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Keyword: mastodon

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  • Origins of underwater stones a mystery

    02/09/2009 11:42:11 AM PST · by SunkenCiv · 22 replies · 1,521+ views
    United Press International ^ | Monday, February 9, 2009 | unattributed
    An archaeologist says it remains a mystery how a circle of stones initially arrived at the floor of Michigan's Grand Traverse Bay. Underwater archeologist Mark Holley said while he first discovered the underwater stones in 2007, no one has been able to prove whether the rocks were placed there by nature or by mankind, the Chicago Tribune reported Sunday. "The first thing I said when I came out of the water was, 'Oh no, I wish we wouldn't have found this,'" Holley said of his discovery. "This is going to invite so much controversy that this is where we're going...
  • Reviving the Woolly Mammoth: Will De-Extinction Become Reality?

    03/16/2013 2:32:30 AM PDT · by LibWhacker · 24 replies
    Yahoo News | Live Science ^ | 3/15/13 | Megan Gannon
    Biologists briefly brought the extinct Pyrenean ibex back to life in 2003 by creating a clone from a frozen tissue sample harvested before the goat's entire population vanished in 2000. The clone survived just seven minutes after birth, but it gave scientists hope that "de-extinction," once a pipedream, could become a reality. Ten years later, a group of researchers and conservationists gathered in Washington, D.C., today (March 15) for a forum called TEDxDeExtinction, hosted by the National Geographic Society, to talk about how to revive extinct animals, from the Tasmanian tiger and the saber-toothed tiger to the woolly mammoth and...
  • Boy discovers almost complete woolly mammoth carcass

    10/04/2012 12:47:07 PM PDT · by Renfield · 22 replies
    New Scientist ^ | 10-4-2012 | Joanna Carver
    An 11-year-old Russian boy stumbled across the 30,000-year-old remains of a woolly mammoth, an experience that was surely either incredibly exciting or permanently traumatising. According to the Moscow News, Yevgeny Salinder found the 500-kilogram beast in the tundra of the Taymyr peninsula in northern Russia. Scientists laboured for a week with axes and steam to dig it out of the permafrost it's been encased in for centuries. Woolly mammoths have been found in the permafrost in Siberia since at least 1929, but this is one of the best preserved. Its tusks, mouth and rib cage are clearly visible....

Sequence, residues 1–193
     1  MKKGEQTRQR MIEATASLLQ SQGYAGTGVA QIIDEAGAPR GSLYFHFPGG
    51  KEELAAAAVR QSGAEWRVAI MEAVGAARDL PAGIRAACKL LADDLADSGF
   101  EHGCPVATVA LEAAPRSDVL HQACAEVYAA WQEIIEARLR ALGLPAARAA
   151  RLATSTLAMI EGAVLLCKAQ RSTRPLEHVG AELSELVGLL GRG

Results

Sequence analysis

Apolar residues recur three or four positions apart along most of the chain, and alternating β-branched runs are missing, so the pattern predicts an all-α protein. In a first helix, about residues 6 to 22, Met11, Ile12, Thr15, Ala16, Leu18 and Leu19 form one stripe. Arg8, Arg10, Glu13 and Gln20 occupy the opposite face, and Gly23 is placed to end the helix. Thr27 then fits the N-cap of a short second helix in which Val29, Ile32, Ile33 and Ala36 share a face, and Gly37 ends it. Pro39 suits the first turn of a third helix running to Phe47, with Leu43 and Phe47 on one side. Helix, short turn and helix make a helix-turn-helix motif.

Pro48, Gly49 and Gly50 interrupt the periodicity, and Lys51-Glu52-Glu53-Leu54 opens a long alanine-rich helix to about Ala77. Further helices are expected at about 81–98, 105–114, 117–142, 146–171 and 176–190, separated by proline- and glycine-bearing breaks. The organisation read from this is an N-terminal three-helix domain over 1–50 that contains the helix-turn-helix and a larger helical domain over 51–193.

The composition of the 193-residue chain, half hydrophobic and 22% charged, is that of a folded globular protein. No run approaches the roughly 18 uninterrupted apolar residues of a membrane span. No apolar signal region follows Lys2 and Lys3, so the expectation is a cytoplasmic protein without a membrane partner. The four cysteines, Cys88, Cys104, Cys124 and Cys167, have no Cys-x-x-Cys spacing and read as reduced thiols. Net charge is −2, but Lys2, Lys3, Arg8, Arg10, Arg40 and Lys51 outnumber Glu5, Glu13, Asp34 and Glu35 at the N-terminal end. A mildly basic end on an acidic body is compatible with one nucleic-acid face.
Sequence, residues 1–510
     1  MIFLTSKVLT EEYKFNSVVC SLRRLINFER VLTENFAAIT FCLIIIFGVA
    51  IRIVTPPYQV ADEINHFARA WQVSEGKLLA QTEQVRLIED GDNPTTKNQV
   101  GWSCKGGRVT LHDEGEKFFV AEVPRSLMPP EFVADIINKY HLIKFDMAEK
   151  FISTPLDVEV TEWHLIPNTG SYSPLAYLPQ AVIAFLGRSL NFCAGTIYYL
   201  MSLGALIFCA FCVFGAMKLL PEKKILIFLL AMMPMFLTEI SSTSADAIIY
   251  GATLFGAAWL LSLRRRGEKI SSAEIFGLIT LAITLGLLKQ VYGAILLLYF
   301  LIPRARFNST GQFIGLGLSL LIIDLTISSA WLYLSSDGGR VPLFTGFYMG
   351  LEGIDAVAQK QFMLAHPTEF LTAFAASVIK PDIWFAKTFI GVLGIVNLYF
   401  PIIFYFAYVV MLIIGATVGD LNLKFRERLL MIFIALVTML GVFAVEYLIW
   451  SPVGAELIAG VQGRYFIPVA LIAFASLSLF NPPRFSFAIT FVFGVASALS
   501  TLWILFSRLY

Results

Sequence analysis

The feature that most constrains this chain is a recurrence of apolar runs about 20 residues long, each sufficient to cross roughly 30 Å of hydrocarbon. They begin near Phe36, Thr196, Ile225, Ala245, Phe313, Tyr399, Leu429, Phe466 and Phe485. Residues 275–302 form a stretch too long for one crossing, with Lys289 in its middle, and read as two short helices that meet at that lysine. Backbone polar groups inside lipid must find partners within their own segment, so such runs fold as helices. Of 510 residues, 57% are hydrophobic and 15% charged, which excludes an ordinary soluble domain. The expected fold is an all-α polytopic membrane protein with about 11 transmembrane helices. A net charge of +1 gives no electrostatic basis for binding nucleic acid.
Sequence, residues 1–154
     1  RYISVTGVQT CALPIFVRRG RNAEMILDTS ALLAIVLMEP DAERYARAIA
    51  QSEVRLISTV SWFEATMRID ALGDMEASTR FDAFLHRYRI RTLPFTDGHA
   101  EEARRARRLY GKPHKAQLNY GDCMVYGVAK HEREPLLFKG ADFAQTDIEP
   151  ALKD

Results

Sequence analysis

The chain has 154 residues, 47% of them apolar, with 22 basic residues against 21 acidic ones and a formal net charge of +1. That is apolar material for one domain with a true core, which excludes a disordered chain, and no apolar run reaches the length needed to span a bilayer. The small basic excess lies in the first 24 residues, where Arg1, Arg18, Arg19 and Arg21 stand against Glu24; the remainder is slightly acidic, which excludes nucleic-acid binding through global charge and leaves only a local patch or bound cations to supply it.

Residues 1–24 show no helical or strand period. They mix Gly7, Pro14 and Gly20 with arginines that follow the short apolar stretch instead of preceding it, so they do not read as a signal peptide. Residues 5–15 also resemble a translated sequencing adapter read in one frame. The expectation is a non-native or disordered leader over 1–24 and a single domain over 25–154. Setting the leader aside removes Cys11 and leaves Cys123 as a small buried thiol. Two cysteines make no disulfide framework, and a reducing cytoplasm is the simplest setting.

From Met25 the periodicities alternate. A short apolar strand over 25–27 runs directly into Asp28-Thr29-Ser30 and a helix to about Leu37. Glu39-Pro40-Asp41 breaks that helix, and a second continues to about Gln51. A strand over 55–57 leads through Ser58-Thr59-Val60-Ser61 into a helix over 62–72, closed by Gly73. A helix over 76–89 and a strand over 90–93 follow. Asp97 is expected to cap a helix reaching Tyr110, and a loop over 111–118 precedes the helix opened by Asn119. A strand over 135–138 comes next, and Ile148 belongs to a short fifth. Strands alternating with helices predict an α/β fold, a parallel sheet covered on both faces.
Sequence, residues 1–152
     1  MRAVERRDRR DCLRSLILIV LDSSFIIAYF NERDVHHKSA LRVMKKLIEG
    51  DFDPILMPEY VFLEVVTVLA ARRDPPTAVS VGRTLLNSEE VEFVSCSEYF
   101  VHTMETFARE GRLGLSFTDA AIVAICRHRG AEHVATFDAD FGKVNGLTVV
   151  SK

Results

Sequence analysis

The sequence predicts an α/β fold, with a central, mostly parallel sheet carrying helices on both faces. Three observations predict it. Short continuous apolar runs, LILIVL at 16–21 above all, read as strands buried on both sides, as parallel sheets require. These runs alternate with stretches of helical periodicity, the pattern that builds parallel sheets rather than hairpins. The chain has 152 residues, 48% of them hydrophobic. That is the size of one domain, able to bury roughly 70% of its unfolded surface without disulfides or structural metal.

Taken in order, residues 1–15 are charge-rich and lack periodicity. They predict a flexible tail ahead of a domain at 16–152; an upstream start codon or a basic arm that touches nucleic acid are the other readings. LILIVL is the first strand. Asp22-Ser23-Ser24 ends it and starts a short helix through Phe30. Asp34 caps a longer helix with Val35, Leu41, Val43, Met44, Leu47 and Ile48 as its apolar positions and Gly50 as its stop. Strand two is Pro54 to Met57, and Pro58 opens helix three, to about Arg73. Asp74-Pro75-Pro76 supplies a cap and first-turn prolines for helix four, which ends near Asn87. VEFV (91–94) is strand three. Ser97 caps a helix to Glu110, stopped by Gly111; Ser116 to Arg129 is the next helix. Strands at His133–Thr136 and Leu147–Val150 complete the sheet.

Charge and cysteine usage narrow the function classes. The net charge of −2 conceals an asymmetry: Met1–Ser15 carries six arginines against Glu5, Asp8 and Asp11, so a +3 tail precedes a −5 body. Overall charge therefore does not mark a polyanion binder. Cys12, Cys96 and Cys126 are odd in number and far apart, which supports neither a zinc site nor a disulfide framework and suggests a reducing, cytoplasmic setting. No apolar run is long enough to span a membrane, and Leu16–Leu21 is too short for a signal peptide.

• Humans Did Not Kill Off Mammoths; Comet, Climate Change Helped, Studies Show

    06/12/2012 7:03:32 PM PDT · by Free ThinkerNY · 115 replies
    Indian Country Today ^ | June 13, 2012 | ICTMN Staff
    Although human hunting played a part in the demise of the woolly mammoth about 10,000 years ago, homo sapiens were but bit players in a global drama involving climate change, comet impact and a multitude of other factors, scientists have found in separate studies. Previous research had blamed their demise on tribal hunting. But new findings “pretty much dispel the idea of any one factor, any one event, as dooming the mammoths,” said Glen MacDonald, a researcher and geographer at the University of California in Los Angeles, to LiveScience.com. In other words, hunting didn’t help, but it was not instrumental....
  • Gene Reveals Mammoth Coat Colour

    07/06/2006 12:43:11 PM PDT · by blam · 38 replies · 1,370+ views
    BBC ^ | 7-6-2006 | Rebecca Morelle
    Gene reveals mammoth coat colour By Rebecca Morelle Science reporter, BBC News Woolly mammoths had both dark and light coats The coat colour of mammoths that roamed the Earth thousands of years ago has been determined by scientists. Some of the curly tusked animals would have sported dark brown coats, while others had pale ginger or blond hair. The information was extracted from a 43,000-year-old woolly mammoth bone from Siberia using the latest genetic techniques. Writing in the journal Science, the researchers said a gene called Mc1r was controlling the beasts' coat colours. This gene is responsible for hair-colour in...
  • Preserved in the ice for 10,000 years: Ginger-haired baby mammoth shows signs of death struggle

    04/04/2012 2:45:19 PM PDT · by C19fan · 29 replies
    UK Daily Mail ^ | April 4, 2012 | Rob Waugh
    A ginger-haired mammoth baby found in Siberia could have been snatched by hungry human hunters from the jaws of a lion 10,000 years ago. The body of the beast - the first ever found with its distinctive 'strawberry blonde' hair - has been described as being of 'huge' significance. It's could be evidence that ancient humans attacked and fed on mammoths in Siberia, with the body of 'Yuka' showing wounds consistent with an attack by lions AND people.
  • Perfectly Preserved Woolly Mammoth Discovered in Siberia

    04/05/2012 10:22:55 PM PDT · by Free ThinkerNY · 11 replies
    Yahoo! News ^ | April 5, 2012 | Melissa Knowles